Jodie McClure Memories- The Home Stretch
School cafeteria food sucks today in most places. Today, kids (and teachers) are fed pre-processed food that has to be warmed up and which tastes like cardboard. No salt, no seasoning, nothing fried; just what they call “healthy” food. Bottom line, it’s terrible now. Back then, the highlight of the day was eating in the school cafeteria. Jodie McClure had one of the better ones, and the workers sincerely cared about what they feeding us. Mrs. Owens, my classmate Renee’s mother, worked at Jodie McClure back then in the cafeteria, and she helped put out some really good food. My sister and I normally took our lunches to school, but on certain days, we almost would beg our mom to let us not take our lunches and eat whatever was on the menu that particular day. Especially on Wednesdays and Fridays. Wednesdays meant fried chicken, hot rolls, mashed potatoes and gravy, peas, and a decent desert. We’re not talking no generic, tasteless crap; we’re talking real food which was fried and/or baked with care. The chicken and mashed potatoes tasted really good, and the rolls were probably the best rolls I’d ever ate. In fact, since the 5th graders always ate last, if there were any rolls leftover at the end of the lunch period, we’d just about run back to the line just to get them when it was announced that there were some left. Even if I’d brought my lunch that day, I’d still jump in the line for the leftover rolls. They were that good.
Fridays was hamburgers and fries day. Plus, one of the most underrated pieces of chocolate cake was usually served that day. Hamburgers were my favorite food back then, so as long as it was edible and tasted good, I would eat it. It did not taste bad at all, and it tasted like a hamburger, not like something totally different (like mackerel and brown gravy- brother/sister private joke). One thing me and the guys would do back then with our burgers would be to put our french fries on our burgers along with the lettuce, tomatoes, pickles, and onions. It was delicious. Speaking of delicious, the chocolate cake had a taste that I’ve never experienced before or since. Sometimes there’d be slices of chocolate cake left over at the end of the day, and I’d run and grab two or three of those, too. They tasted better than Duncan Hines or Betty Crocker any day. I truly miss just how good they were.
Return to East Ward
For one day (actually one evening), I got to return to the school I attended in the 1st and 2nd grades. On Halloween night, East Ward Elementary held a Halloween carnival not only for their students, but for students from other elementary schools as well. At least, I guess that was what they did; maybe I was an exception since I used to go there. Anyway, I put on my Batman costume that I literally had begged for the last couple of years after being a devil and a clown the previous Halloweens. I don’t remember what costume my sister had on, but she went along, too. When we arrived, everything was situated in the cafeteria; they had games, bobbing for apples, and a “haunted house”, which was the school stage. I saw and (barely) recognized a few of my classmates, who I hadn’t seen since we were all in the 2nd grade, and because of that length of time, we kinda had a hard time talking to one another. It wasn’t hard to talk to Jennifer; I talked to her mostly- but Deyavor, and Joanna, and JohnYoung, and the rest, I just said “hi” and that was it. I did have fun, and for one night, I missed East Ward Elementary.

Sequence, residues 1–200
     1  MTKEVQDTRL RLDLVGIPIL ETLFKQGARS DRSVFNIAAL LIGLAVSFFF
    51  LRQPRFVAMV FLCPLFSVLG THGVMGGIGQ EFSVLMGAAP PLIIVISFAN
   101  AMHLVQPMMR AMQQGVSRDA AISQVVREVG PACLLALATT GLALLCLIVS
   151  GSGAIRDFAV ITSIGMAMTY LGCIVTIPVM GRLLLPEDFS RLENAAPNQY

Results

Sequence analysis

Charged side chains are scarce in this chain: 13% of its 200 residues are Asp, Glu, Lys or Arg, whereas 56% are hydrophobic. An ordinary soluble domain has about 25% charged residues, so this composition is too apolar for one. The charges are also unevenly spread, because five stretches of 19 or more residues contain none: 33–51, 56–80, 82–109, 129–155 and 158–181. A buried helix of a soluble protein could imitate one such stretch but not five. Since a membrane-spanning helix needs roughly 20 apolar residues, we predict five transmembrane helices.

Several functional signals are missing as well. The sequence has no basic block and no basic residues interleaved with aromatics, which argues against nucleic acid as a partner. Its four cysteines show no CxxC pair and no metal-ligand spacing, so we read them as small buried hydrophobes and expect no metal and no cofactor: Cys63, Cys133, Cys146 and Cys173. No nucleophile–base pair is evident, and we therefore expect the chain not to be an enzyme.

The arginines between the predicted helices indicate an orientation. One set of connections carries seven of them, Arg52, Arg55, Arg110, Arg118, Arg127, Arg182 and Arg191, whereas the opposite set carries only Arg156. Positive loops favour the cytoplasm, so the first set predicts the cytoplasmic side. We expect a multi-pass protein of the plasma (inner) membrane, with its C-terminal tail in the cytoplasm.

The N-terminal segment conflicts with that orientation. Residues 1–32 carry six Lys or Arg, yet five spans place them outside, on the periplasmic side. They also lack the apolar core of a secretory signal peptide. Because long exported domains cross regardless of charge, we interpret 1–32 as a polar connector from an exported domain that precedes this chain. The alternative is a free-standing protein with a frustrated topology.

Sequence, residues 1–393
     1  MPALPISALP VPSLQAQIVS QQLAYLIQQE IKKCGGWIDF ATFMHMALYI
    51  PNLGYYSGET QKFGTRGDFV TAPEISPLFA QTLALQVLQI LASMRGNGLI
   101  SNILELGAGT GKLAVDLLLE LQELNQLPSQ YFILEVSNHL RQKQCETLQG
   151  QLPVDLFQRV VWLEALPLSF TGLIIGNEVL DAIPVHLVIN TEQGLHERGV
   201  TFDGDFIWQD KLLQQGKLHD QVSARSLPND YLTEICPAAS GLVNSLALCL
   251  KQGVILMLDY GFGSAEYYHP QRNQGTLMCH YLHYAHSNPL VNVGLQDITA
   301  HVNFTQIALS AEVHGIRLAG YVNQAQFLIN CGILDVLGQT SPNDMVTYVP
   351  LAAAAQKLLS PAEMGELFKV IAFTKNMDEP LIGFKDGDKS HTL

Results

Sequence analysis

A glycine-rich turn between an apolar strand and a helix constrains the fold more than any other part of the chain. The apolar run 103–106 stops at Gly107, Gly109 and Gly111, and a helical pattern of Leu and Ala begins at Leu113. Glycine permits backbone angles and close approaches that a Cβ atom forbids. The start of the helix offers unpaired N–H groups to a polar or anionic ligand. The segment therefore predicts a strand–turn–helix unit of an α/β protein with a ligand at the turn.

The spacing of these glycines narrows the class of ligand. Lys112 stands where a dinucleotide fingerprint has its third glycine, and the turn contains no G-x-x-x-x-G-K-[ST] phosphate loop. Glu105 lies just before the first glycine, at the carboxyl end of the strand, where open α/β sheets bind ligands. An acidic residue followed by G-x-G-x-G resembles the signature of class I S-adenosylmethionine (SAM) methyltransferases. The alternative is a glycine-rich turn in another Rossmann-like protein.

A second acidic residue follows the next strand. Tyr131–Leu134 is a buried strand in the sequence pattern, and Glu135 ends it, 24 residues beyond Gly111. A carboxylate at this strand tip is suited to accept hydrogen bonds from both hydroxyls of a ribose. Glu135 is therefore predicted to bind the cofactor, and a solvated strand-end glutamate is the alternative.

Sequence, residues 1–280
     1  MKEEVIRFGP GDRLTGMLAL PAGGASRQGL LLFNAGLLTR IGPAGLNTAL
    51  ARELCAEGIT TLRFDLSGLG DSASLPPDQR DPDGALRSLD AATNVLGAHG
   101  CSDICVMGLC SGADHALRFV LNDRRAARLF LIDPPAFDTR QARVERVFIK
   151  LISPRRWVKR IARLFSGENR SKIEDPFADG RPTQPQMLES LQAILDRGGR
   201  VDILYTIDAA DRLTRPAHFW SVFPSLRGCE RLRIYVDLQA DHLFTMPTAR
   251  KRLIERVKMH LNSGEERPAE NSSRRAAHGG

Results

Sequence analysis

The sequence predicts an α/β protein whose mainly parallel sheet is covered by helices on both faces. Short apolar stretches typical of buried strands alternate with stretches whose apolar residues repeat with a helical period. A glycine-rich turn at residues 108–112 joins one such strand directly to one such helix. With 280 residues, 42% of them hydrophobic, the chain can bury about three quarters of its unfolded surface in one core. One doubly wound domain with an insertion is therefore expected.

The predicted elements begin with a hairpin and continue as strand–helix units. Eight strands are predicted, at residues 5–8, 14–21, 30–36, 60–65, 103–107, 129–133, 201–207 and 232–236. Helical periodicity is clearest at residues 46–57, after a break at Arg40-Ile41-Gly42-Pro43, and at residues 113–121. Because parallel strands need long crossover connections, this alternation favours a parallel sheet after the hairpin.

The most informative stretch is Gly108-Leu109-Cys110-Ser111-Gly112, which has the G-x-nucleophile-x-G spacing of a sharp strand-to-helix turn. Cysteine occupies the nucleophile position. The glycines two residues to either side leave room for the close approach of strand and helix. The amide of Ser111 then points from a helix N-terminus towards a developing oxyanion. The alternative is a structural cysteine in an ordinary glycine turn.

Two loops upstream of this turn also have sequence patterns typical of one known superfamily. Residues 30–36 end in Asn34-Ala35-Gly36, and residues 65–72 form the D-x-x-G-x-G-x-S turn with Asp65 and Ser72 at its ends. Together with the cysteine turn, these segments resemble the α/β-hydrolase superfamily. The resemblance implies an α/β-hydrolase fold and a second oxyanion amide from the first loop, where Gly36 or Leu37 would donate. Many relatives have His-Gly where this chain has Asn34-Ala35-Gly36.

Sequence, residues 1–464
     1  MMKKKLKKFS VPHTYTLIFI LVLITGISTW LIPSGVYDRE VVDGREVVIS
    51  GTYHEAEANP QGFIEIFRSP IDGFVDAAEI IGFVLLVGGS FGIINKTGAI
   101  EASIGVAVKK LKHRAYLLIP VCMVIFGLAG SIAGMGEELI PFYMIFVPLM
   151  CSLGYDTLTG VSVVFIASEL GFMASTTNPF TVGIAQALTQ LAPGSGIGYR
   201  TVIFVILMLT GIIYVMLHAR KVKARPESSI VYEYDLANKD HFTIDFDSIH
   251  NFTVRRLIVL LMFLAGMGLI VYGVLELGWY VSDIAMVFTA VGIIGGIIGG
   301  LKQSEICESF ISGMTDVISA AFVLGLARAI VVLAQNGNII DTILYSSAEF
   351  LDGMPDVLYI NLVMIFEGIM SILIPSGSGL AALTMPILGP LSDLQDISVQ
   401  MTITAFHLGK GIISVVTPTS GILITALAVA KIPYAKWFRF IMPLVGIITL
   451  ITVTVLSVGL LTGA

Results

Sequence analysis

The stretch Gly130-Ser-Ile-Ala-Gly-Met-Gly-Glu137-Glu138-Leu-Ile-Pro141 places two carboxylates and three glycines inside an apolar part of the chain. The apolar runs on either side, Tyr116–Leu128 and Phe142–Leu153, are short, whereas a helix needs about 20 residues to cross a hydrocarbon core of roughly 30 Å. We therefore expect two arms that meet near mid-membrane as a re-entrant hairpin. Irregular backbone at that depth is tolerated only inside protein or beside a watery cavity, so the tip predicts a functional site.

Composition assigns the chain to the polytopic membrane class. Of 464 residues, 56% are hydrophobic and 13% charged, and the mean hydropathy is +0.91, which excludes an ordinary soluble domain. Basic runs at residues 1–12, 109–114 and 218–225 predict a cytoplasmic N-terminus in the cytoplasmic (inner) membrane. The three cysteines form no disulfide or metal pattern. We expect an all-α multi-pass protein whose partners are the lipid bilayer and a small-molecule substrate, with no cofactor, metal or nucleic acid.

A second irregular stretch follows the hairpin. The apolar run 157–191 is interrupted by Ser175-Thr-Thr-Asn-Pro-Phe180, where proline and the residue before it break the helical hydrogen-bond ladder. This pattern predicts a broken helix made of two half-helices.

Getting Ready for Middle School
One day while we were sitting in Mr. Taylor’s science class learning about atoms or something, Mr. Taylor told us he was going to have a middle school student come and talk to us about what to expect in middle school. He was going to be a former Jodie McClure student of course, one of Mr. Taylor’s favorites, and he was coming in to put some fear in us, I guess. I had no idea who the student was going to be, because this was my first year at McClure and I didn’t know any of the older kids who had attended Jodie McClure before I came, except for Micheal and Mark Simmons, Willie Simmons’ twin brothers, who stayed down the street from me. My classmates had a feeling of who was coming to speak to us since they knew him, and so when he showed up the next day, they weren’t too surprised.
Of all people, it was Tommy Davis.
I wouldn’t get to know Tommy until a year later, but I remember clearly that it was him who came and spoke to us that day. Why he wasn’t in school that day didn’t occur to any of us back then, and we were more interested in what he was telling us anyway. Looking back, there are two things which come to my mind now- First, he was going to Foster at the time- That would change less than a year later for a bunch of us sadly- Second, his sister, Nancy, was and is my classmate, but she wasn’t attending Jodie McClure at this time- she obviously was at Hudson Pep. I don’t know if Tommy had ever attended Hudson Pep, but I know he went to Jodie McClure. Anyway, Tommy was telling us about all the homework he had every night, how you had to get to your classes before the bell rang or you’d get a tardy (first time ever hearing that term), how you had seven classes everyday, how you had lockers that kids would break into and steal your stuff, how lunch only lasted like 30-35 minutes, how much bigger Foster was compared to Jodie McClure, and how the bigger kids would bully you, and so forth and so on. After hearing all that, I was wishing I could stay at Jodie McClure another two or three years.